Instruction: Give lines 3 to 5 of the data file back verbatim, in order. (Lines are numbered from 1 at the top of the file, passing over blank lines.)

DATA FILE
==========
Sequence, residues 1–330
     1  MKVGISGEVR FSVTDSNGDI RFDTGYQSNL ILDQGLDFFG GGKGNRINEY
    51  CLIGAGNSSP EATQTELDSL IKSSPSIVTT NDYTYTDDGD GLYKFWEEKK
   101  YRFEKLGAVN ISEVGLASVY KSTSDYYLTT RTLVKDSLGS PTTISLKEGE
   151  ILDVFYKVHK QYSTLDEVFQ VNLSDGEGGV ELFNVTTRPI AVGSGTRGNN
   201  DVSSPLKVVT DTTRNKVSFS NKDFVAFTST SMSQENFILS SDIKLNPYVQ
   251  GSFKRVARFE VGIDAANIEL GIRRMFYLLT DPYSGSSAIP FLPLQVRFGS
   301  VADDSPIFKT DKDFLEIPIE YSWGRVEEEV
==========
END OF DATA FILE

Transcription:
    51  CLIGAGNSSP EATQTELDSL IKSSPSIVTT NDYTYTDDGD GLYKFWEEKK
   101  YRFEKLGAVN ISEVGLASVY KSTSDYYLTT RTLVKDSLGS PTTISLKEGE
   151  ILDVFYKVHK QYSTLDEVFQ VNLSDGEGGV ELFNVTTRPI AVGSGTRGNN